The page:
What you need to know:
- M-Pesa and Ushahidi are world known innovations that have challenged the old order and triggered a new wave of innovation in financial services and search and rescue measures
- Efforts to encourage even faster growth of this sector are evident with Nairobi spotting several tech incubation hubs full of young people as they strive to actualise their ambition to become the next Microsoft’s Bill Gates or Facebook’s Mark Elliot Zuckerberg
- Some innovators have blamed the government for the slow pick of their businesses saying that priority should be given to local startups when awarding government jobs
As far as innovation in the technology world goes, Kenya stands among the giants, with acclaimed titles that have had a massive impact on the global economy.
M-Pesa and Ushahidi are world known innovations that have challenged the old order and triggered a new wave of innovation in financial services and search and rescue measures.
Such and more innovations have seen the country referred as the Silicon Savannah, in comparison to the Silicon Valley located in the US. But apart from the fame, local tech-innovators have had little going in for them and this not for lack of trying.
Efforts to encourage even faster growth of this sector are evident with Nairobi spotting several tech incubation hubs full of young people as they strive to actualise their ambition to become the next Microsoft’s Bill Gates or Facebook’s Mark Elliot Zuckerberg.
Analysts presenting various views in last week’s inaugural DEMO Africa conference noted that one of the biggest challenge for the local tech-innovators is inability to push their innovation to a viable business idea.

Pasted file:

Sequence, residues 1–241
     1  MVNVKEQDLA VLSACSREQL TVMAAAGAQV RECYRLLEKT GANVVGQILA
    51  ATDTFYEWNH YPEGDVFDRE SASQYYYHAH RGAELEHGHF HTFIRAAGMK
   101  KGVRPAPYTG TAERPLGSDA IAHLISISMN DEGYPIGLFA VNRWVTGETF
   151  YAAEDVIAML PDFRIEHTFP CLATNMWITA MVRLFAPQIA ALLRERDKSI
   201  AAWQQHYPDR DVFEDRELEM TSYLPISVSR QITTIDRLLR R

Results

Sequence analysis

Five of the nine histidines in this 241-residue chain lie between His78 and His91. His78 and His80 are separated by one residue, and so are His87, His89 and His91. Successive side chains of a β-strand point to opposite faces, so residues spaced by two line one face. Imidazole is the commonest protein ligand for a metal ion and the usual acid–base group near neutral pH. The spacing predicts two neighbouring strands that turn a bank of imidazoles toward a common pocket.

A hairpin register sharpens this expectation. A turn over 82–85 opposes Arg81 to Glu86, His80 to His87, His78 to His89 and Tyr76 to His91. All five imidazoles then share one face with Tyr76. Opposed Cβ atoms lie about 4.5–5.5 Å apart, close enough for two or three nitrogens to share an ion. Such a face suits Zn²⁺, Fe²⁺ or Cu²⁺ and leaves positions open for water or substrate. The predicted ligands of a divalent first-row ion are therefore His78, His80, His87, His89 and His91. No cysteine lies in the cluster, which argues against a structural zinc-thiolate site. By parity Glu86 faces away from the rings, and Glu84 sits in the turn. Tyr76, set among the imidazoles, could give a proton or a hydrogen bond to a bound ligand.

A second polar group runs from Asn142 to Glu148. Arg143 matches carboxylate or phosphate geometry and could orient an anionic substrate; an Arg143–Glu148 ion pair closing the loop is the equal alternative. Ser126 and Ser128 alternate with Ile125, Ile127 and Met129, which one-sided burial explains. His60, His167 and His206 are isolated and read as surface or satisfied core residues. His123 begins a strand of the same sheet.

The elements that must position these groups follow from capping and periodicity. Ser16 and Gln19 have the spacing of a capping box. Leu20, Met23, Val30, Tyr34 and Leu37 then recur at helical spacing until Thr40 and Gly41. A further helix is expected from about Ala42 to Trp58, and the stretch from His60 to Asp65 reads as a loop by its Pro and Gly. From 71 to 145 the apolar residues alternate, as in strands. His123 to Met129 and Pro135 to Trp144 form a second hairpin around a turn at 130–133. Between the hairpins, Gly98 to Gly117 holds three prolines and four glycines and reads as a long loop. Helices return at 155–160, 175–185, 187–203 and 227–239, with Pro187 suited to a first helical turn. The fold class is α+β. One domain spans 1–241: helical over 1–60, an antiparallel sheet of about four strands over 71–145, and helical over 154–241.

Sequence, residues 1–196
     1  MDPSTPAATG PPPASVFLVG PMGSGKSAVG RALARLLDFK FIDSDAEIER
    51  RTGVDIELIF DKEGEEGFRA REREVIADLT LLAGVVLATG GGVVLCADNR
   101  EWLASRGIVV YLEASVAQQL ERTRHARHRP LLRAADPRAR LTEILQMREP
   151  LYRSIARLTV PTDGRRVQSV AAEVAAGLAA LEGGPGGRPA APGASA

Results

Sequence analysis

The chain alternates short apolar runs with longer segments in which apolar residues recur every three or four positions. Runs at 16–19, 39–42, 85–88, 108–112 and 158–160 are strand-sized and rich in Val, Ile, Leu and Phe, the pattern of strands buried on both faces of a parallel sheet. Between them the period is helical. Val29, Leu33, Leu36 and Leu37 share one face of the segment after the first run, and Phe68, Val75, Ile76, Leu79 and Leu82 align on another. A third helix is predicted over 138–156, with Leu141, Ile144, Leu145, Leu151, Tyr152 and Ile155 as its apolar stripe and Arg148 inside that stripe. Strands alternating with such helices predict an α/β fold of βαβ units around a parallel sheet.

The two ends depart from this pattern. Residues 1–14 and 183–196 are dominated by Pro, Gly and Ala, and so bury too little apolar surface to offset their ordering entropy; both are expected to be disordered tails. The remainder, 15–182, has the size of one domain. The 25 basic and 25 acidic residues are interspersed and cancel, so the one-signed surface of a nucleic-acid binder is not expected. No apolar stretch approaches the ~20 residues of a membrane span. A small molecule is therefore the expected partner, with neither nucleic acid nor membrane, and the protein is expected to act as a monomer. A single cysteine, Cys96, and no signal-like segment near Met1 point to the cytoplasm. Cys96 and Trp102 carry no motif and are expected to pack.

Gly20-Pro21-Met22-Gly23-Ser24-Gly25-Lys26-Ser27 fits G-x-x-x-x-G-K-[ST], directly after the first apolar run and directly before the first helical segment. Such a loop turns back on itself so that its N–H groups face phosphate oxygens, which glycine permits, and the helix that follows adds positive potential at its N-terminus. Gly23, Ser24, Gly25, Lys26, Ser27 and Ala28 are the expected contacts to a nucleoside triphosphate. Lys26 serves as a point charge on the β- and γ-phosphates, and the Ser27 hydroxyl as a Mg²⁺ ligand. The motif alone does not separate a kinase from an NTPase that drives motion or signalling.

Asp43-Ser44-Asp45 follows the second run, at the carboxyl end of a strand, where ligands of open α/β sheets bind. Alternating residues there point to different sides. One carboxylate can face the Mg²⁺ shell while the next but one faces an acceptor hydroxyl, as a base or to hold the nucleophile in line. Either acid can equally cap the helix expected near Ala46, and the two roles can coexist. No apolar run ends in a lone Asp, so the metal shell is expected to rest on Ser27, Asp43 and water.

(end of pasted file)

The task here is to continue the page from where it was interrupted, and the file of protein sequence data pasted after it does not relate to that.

During the conference 40 tech-innovators made a pitch to potential investors with the hope of securing funding that would help monetise their ideas.
“It is completely different when you come up with an innovation solution to a certain problem in society and when that particular idea evolves into a profitable venture that an investor would be interested in,” Ms Nivi Mukherjee told Smart Company.
She is the founder of the eLimu organisation — a startup which has developed an app designed to provide education content to students on tablets.
Generally, it is estimated that only 10 per cent of all innovations that start metamorphose into successful businesses. This is particularly the case in emerging markets.
In an interview with Smart Company, Mr Eric Hersman, founder of the internationally popular Ushahidi and iHub — one of the tech incubations in Nairobi said that it is normal that only one in 10 startups ends up seeing the light of the day.
“This is mostly so because the young innovators just own an idea but lack a clear execution plan,” he said.
While most startups claim that the reason their businesses fail immediately after takeoff or fail to take off altogether is because of lack of finances, those who have walked the path before say there are more problems than just funding.
Mr Sriram Bharatam, founder of Kuza Biashara which won last year’s Vision 2030 ICT Innovation award, maintains that it is not the idea alone that matters but how it is executed.
“What matters is getting the idea and executing it in a way that also makes business sense. The idea is only one per cent and the rest is left to how you combine it with other aspects of business to succeed,” said Mr Sriram
According to the Microsoft West, East, Central Africa lead developer Dele Akinsade, innovators on the continent and other developing markets get it wrong because they stick to the idea so selflessly that they forget that it needs other components to turn into a profitable venture.